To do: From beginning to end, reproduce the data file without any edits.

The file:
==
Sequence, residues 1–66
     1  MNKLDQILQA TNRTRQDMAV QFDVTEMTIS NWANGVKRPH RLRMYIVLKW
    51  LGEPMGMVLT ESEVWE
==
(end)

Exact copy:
Sequence, residues 1–66
     1  MNKLDQILQA TNRTRQDMAV QFDVTEMTIS NWANGVKRPH RLRMYIVLKW
    51  LGEPMGMVLT ESEVWE